Frame Ethics

October 29, 2014 in Frames by Tim Everett

Frame Ethics


Frames are both functional items and decorative objects with artistic value. They are often redecorated, modified or replaced, and vulnerable to damage during handling and transport.

Alterations to the front or back of a frame can result in the loss of basic information and make it difficult to ascertain its age or provenance. Close examination, supported by scientific analysis of the materials and techniques used in the frame’s construction, can help us identify any changes that have taken place.

Understanding the authenticity of each frame helps us appreciate its role in the history of the painting. Tate’s frame collection provides fascinating insight into the history of its collection.

Authenticity of frames

Determining whether, or to what degree, a frame is authentic is core to understanding its relationship to a painting. Identifying changes in appearance, function and context allows us to appreciate its authenticity, its unique qualities as an object and its relation to the picture and setting. Every frame has to be interpreted individually.

When should a frame be considered original and/or authentic to a painting?

  • When it is made, designed, selected or authorised by the painter – however, some artists reframe paintings in a different style years later.
  • When it is chosen by the first owner or dealer – this could be a painting’s ‘original’ frame, even if it the artist considers it to be in stark contrast his intentions.
  • When it is contemporary but not original to a painting – a stylistically appropriate frame of the same age may be the next best thing to a known original.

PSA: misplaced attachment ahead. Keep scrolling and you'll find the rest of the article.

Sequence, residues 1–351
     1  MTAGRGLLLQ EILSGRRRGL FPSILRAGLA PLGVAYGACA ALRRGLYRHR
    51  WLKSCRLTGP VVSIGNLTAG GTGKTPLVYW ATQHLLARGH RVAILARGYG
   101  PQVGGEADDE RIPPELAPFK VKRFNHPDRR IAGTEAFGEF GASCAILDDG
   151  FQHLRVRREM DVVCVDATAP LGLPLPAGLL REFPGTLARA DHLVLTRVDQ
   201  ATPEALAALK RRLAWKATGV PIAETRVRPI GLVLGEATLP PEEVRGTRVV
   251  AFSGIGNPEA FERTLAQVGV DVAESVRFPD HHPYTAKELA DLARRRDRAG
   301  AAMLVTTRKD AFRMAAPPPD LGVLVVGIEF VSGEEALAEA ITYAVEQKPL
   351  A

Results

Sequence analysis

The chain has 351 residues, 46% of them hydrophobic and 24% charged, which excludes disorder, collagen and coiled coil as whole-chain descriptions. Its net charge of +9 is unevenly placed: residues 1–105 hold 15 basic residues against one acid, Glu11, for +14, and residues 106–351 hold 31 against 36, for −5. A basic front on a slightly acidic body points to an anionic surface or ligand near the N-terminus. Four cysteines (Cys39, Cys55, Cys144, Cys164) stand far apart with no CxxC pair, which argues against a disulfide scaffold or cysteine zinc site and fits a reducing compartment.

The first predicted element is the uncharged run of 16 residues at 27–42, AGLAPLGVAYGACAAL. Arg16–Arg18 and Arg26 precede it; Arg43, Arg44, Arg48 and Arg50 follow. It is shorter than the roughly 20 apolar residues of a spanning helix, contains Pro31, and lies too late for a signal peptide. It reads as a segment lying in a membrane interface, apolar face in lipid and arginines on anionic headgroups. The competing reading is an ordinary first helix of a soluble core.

• When it is a ‘livery’ or ‘gallery’ frame – not necessarily original to the work but part of the painting or collection’s history.
  • When it is a replica – replicas allow a painting to be presented as deemed appropriate; but how authentic is something newly made outside of the original context?

An authentic frame may not necessarily be of a carefully considered design, or even well made. However, it does convey ideas about the time and spirit in which it was made.

Tate’s collection houses paintings and frames from many sources in different contexts. Picture frames still fulfil their original practical function, but are also often modified to accommodate glazing and backboards. When a frame is known not to be original an historical connection between frame and painting, or group of paintings, is frequently considered significant enough to preclude reframing.

Replica frames

Replicas frames may be made for a variety of reasons, including when:

  • The painting has no frame.
  • The frame around the painting is not original, has no long term historical or aesthetic connection with the painting and though it may protect the painting its unsuitability detracts from the art work.
  • The original frame is in poor condition and it is either impossible and/or too expensive in terms of labour costs and time to conserve or restore; or the frame detracts from the painting due to its poor condition.

New replica frames are only used following rigorous research to establish provenance, context and appropriate alternatives. This process highlights the inevitable gap between the appearance of old frames today and in their original setting.

The decorative surface of each replica is much debated. How should we get the right balance between the likely condition of the frame when new and an indication of age and condition commensurate with the painting and surrounding frames? Should we replicate original techniques we know to be inherently unstable in the knowledge they will deteriorate in an ‘authentic’ manner?